Holy crap landscaping is expensive! We got an estimate last summer to do mulch and some basic plants in our front yard and it was around $4,000. Ugh.
A few years ago, I decided to be Mr. Badass and cut my own mulch beds, not having a fucking clue what I was doing. I had a friend over, we popped some beers, and started cutting squiggly lines in the grass like the pros do. Then I bought a bunch of dirt, covered up whatever grass was left, and eventually topped it with mulch. Bingo! There you have it, a perfectly landscaped yard. Except… no plants or flowers… and a ton of weeds within weeks. I suck at this.
3 years later, obviously the mulch beds are still there, but they don’t look as nice. My wife is regretting me ever doing this to begin with, yet I still argue how awesome it will look once I mulch again. If you’ve done any type of landscaping before, you know it’s no walk in the park, either. I’ve tried out different methods and layouts, but I always end up going half-ass on it for two reasons – the amount of work and the cost.
Here are some things I’ve learned about frugal landscaping in the past few years that will hopefully help you as you venture into “who has the best lawn” season…
1. Buy mulch in bulk
If you go to Home Depot around this time of year, you’ll see plenty of bad-ass dudes loading up their carts with a shitload of pre-bagged mulch. These guys think they’re hardcore, but they’re just wasting money and energy. I’ll be the first to admit that I sometimes buy mulch from Home Depot – but it’s usually when I am too lazy and running behind on getting it done.
All jokes aside, buying pre-bagged mulch is not the best way to get your frugal on. When you buy the pre-bagged stuff you’re usually getting:
- Less mulch for your money
- A lower quality product
- Mulch that could be filled with chemicals
This may not apply to all pre-bagged mulch, so if you do decide to buy it this way, just read the labels carefully. If you really want to get your frugal landscaping on, buy your mulch from a local landscaper or landscaping supplier. I usually spend well under a hundred bucks for 3 cubic yards of mulch and it’s dropped off right in my driveway. That way I can shovel it when and where I want it. Some other benefits of bulk mulch for me are:
- Saves money – as I said above, it’s much cheaper this way
- Saves energy – you’ll carry pre-bagged mulch to your car then out of your car to the spot you want it, then you’ll cut the bag open and pour it out
- Better for the environment – you won’t have dozens of empty plastic bags to throw out
2. Anything that needs to be done, do it yourself
And if you can’t figure it out, use YouTube. You really shouldn’t have to pay landscapers to do the work for you, unless it’s something extreme that the average person can’t do with a little elbow grease. Landscaping is hard work, and it’s expensive work if you pay someone to do it. Even major projects like paving a path with stones can be done with a little research.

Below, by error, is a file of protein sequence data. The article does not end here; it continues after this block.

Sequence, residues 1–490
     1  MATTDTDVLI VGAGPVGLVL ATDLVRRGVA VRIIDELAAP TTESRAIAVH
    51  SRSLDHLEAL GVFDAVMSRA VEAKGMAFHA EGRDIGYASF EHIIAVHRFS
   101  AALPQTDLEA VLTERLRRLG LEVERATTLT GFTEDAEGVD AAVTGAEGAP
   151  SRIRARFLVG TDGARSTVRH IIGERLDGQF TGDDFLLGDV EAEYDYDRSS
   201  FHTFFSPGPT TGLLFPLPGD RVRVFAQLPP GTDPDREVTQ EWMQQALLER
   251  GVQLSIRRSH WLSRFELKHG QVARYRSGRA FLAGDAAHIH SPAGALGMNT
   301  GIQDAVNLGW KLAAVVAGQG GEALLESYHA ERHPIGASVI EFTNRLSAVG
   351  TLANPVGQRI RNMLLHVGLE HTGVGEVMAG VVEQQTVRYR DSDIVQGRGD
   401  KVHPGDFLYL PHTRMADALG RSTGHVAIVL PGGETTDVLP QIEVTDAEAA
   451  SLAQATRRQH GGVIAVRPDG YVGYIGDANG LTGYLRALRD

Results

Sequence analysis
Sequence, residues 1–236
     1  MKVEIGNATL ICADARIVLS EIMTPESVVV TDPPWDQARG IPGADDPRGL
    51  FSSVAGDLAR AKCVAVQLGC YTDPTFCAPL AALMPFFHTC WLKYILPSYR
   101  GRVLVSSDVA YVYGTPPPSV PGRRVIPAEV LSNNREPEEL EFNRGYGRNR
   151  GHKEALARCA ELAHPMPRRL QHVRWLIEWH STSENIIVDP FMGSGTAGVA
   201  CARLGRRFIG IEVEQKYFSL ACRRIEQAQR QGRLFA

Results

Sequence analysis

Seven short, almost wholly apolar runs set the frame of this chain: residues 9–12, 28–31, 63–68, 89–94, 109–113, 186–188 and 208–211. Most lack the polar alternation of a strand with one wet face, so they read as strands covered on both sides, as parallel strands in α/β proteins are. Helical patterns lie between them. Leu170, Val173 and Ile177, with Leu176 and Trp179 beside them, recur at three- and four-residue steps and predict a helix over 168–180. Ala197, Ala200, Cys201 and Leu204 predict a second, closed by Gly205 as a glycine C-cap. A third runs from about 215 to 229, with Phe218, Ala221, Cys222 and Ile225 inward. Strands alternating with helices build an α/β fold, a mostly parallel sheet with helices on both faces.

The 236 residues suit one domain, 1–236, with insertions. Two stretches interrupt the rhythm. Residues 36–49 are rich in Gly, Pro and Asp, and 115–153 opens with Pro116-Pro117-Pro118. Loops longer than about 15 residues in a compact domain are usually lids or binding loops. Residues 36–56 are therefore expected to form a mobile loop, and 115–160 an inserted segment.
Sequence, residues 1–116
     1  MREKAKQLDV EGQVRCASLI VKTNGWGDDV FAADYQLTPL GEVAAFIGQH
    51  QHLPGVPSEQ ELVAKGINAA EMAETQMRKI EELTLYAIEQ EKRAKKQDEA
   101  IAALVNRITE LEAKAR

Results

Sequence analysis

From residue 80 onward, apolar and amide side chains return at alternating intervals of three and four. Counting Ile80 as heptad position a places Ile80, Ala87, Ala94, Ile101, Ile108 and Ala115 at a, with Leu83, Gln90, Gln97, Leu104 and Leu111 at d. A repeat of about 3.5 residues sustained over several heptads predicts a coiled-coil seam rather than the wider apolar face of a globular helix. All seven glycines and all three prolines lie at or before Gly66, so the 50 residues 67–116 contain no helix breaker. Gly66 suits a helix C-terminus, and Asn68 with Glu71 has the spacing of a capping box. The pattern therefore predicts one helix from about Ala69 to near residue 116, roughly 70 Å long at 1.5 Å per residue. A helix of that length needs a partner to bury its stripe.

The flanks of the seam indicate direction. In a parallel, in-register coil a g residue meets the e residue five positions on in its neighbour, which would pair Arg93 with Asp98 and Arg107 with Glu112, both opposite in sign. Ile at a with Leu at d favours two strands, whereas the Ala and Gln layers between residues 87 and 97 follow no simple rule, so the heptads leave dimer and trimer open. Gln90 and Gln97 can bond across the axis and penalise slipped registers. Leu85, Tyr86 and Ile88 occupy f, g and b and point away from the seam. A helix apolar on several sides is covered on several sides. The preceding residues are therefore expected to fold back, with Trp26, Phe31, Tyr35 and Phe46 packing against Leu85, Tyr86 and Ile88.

3. Have a plan (and stick to it)
If you don’t, you’re going to end up with crap. Draw it out on paper. Use spray paint to mark areas around your hard where you plan on cutting or making major changes. Know well in advance how much you can afford to spend, and don’t exceed that amount when you go shopping for materials. Bottom line – know what you want to do, estimate the costs, and keep to the plan.
4. Pimp your curb, don’t worry about the back
When you’re getting your frugal landscaping on, you may have to let some things in the backyard go. Remember, it’s all about curb appeal. Whether you’re selling, planning to sell, or you just want to enjoy pulling into your driveway, having the front of your house look kick-ass is never a bad thing. So when you’re deeply considering decking out the backyard with a park bench and a playground, think instead about planting shrubs, flowers, trees, and laying mulch out front instead.
5. Consider placement and buy in-season
Do your research before buying plants or flowers that won’t grow where you plant them or based on your local climate for the time of year. You should also look for sales on items that fit this criteria. You may have your heart set on a certain type of flower, but if something else looks just as good and is much cheaper, go with it. Remember, you’re a Neederson, not a Wantling.
6. Don’t over-commit
This is what I did, and I am not regretting it. By cutting mulch beds that are too big, planting too many flower beds, or creating a stone walk path that is way too long, you’ll not only spend more time and money up front, but you’ll have to do maintenance on it each year. I ended up cutting mulch beds that were way too big, and I’d never done a lick of landscaping in my life. Now I have to buy loads of mulch every year just to refill them. Also, when I want flowers, that’s just way more space to fill.
7. Stop trying to be edgy
Okay, I had to use at least one lawn-care pun. Just don’t put stupid shit in your yard that you think looks cool. It’s a waste of money, and your yard will just look ridiculous. What am I talking about? I’m talking about an Amish buggy (yes, I’ve seen it). Or little “men” created out of metal sprockets and pipes (my neighbor down the street). Or how about a couple of Power Wheels trucks running over each other like a mini, white trash monster rally (another person down the street from me). WHAAAAAT?
Whatever you decide to do to your yard this spring and summer, learn from some of my observations and mistakes and save yourself a little cash. Share your ideas for frugal landscaping in your comment below!